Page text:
Your methane mapping of landfill ideas are excellent, especially because the industry and EPA's waste office, which is dominated by the large waste companies, claim without any factual basis very high capture rates for the gas collection systems used in landfills in the range of 78% to 95%.
To the opposite effect, the IPCC, like many NGOs, has found that actual lifetime efficiencies "are as low as 20%."
This is because vacuum based gas collection only work after the site is sealed with a composite final cover to prevent oxygen infiltration. But, when the site is sealed, and until the cover deteriorates over time, no more precipitation can infiltrate either, the site dehydrates, ,and decomposition, along with gas generation, stops. It is when the site is open receiving wastes before it it sealed, and decades later after the site is abandoned and the cover falls apart, that rainfall enters the waste mass and generates gas. And at both of those times, gas collection is either absent or dysfunctional. You can read more at our website www.beyondlandfilling.org,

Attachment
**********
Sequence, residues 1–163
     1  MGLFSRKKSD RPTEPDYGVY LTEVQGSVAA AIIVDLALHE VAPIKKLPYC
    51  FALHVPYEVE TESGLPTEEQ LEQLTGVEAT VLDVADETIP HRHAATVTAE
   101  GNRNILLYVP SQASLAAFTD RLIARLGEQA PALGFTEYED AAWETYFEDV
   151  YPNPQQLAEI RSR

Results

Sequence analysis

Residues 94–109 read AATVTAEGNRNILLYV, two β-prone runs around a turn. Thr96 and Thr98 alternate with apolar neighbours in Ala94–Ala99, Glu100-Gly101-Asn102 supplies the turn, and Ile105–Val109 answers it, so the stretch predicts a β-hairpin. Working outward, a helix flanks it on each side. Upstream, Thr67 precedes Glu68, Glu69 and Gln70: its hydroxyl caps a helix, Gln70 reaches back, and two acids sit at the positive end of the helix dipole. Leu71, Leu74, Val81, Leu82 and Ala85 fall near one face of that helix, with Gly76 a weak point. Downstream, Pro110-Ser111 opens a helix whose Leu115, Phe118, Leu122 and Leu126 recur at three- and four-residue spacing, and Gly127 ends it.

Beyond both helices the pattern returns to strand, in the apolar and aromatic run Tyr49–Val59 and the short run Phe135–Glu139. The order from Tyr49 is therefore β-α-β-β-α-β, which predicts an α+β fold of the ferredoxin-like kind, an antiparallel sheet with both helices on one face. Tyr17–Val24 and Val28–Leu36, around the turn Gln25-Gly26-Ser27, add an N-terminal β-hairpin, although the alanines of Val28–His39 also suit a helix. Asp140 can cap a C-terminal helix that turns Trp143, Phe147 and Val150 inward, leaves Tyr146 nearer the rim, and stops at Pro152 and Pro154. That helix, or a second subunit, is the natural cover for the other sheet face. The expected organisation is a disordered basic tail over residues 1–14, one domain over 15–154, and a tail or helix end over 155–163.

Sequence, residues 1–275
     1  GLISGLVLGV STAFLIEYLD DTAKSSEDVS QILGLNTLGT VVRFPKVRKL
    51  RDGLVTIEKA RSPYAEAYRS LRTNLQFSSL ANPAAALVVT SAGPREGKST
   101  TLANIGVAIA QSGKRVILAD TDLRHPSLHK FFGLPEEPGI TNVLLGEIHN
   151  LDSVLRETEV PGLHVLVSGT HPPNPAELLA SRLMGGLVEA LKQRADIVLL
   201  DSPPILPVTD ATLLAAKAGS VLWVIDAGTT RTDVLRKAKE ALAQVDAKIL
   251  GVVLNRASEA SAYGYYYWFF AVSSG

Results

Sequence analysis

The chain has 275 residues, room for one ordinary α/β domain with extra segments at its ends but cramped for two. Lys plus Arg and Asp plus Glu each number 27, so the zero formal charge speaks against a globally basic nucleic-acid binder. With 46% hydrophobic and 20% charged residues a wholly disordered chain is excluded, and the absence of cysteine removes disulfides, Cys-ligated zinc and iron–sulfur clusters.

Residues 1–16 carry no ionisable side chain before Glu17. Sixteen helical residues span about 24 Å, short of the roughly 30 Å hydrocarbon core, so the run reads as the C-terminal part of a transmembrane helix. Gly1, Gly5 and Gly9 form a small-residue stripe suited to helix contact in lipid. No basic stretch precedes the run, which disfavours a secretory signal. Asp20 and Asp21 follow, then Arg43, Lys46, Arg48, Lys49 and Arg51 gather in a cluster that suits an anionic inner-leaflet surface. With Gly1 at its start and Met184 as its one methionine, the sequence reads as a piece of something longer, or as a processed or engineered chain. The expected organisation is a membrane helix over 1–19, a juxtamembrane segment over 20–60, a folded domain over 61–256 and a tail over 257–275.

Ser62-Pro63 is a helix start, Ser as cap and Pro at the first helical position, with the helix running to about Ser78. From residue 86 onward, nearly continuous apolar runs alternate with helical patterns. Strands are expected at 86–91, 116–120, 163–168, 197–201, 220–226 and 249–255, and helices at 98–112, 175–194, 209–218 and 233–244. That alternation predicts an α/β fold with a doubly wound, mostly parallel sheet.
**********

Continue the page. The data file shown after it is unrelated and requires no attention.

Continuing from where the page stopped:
But, because of the substantial political clout of the industry, it's misrepresentation continue to dominate public perceptions, and thereby slow down the conversion to a sustainable approach to our discards, which now involves phasing out the burial of organic material in the anaerobic environment of landfills that creates methane.
To that end, per your thought, we very much need to chronicle the large releases of methane from landfills. But, this does not require balloons. I would prefer to talk with you by phone on less costly and complicated strategies. Let's chat.
Peter Anderson Center for a Competitive Waste Industry 608-231-1100 or cell 608-444-2817 email@example.com